NASA director Deke Slayton wrote a small note on September 21, 1964, listing his requirements for a watch by the hour. Jim Ragan then sent the information to at least six watch companies to send their products to NASA to choose. Just one month later, although sending information to 10 watch firms, only 4 firms responded NASA: Rolex, Longines-Wittnauer, Hamilton and Omega. Hamilton even sent a tangerine clock, not a wristwatch
Inside the Rolex 6238 and Longines-Wittnauer 235T are the famous Valjoux 72 apparatus. Omega's Speedmaster owns the legendary 321-hour machine, which is the upgraded version of Lemania's movement C27 CHRO. It has code 105.003. Three watches were taken to measure with 11 strict tests.
105.012-66 and 105.003. Notice the Professional word and the more beveled in the left.
This is considered the 3rd Speedmaster version of Omega, regardless of the slightly upgraded versions like CK2998-3. 105,003 uses baton needles instead of alpha arrows like the previous version, making it easier to read hours. Then it passes all NASA tests. Omega occasionally launches limited version of Speedmaster, the back has the words "Flight Qualified for all Manned Space Missions". That is the official statement of NASA with the Speedmaster.
So what are the 11 tests?
NASA devised a clock test with the aim of trying to destroy the watch in every way possible, simulating the harsh environment outside the universe:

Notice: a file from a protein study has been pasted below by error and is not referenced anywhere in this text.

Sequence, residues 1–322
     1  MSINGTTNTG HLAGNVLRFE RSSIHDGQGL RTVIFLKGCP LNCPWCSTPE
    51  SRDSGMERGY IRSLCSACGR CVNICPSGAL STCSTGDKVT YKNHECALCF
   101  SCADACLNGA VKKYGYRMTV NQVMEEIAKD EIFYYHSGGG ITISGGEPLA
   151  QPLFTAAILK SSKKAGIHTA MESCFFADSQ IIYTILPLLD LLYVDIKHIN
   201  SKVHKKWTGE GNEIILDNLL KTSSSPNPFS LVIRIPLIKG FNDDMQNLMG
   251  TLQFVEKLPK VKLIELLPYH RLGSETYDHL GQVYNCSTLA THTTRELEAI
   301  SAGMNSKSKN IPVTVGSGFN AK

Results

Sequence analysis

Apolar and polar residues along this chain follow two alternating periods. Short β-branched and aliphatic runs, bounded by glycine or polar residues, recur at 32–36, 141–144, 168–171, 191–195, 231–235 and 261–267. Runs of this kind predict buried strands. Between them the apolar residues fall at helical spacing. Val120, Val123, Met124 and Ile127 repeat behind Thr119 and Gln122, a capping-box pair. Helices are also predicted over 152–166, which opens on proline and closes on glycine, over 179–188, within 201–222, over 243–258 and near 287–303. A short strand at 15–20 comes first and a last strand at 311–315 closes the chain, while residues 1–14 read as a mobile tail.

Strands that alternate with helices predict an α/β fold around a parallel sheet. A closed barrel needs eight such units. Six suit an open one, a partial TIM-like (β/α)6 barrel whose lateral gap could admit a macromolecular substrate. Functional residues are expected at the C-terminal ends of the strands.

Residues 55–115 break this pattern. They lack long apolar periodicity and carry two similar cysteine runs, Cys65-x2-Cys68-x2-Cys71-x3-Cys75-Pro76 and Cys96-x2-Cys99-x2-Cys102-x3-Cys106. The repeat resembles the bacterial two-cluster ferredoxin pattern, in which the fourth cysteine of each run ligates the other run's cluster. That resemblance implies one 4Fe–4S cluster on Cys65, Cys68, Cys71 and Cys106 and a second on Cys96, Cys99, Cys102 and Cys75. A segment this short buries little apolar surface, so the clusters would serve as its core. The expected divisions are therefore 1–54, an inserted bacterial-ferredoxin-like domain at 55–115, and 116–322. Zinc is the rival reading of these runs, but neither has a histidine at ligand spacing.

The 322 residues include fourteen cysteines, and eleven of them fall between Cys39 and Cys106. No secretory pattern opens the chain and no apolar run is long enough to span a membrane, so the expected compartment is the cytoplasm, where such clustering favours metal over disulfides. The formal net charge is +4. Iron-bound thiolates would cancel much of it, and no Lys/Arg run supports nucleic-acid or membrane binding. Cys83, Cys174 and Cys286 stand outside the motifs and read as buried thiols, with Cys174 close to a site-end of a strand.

– High temperature test: The clock must operate 48 hours in the environment 71 degrees C, then 30 minutes in the environment 93 degrees C, under the pressure of 5.5 psia (0.35 atm), the humidity is below 15%.
– Low temperature test: 4 hours in a negative temperature of 18 degrees C.
– Temperature – Pressure: The watch was dropped into a 10 ^ -6 atmospheric pressure simulated chamber, temperature 71 degrees C, then reduced to minus 18 degrees C for 45 minutes, then increased to 71 degrees Celsius in 45 another minute. This test is performed 15 times in a row.
– Humidity: Set the meter to 100% oxygen environment, pressure 5.5 psia, temperature 71 degrees C for 48 hours. Any time deviation, signs of burning, toxic gas, smell or broken rubber ring will cause the watch to be disqualified.
– Impact: The clock is affected 6 times, the acceleration of the force is 40 G in 11 milliseconds. A pilot is usually trained at 6G acceleration, while astronauts have to withstand 10G in the training process, while in flight, astronauts have to withstand 8 G acceleration. Ordinary people, 2 to 3 G are enough to make us faint. 1 G takes the unit in terms of the free acceleration of the object on the earth, 9.81 m / s ^ 2, so multiply.
– Acceleration: The device is fed into an accelerator and accelerates from 1 G to 7.25 G in 333 seconds.
– Low pressure: 90 minutes inside vacuum environment, pressure 10 ^ -6 atm, temperature 71 degrees C and 30 minutes at 93 degrees C.
– High pressure: At least 1 hour in a vacuum, 1.6 atmospheres of pressure.
– Anti-vibration: Three turns, every 30 minutes, the watch will be subjected to vibration from 5 to 2,000 cps, average acceleration at least 8.8 G.
– Anti-sound: 30 minutes subject to sound intensity of 130 dB, sound waves range from 40 to 10,000 Hz.
On March 1, 1965, the test ended. Speedmaster 105.003 surpasses the Rolex and Longines to become a watch equipped for astronauts to go out into space in NASA missions. Both the Rolex and Longines were deactivated during the test. The Rolex 6238 stopped running during the humidity test, and continued to fail in the high temperature test. And the Longines 235T has protective goggles when it is testing high temperature.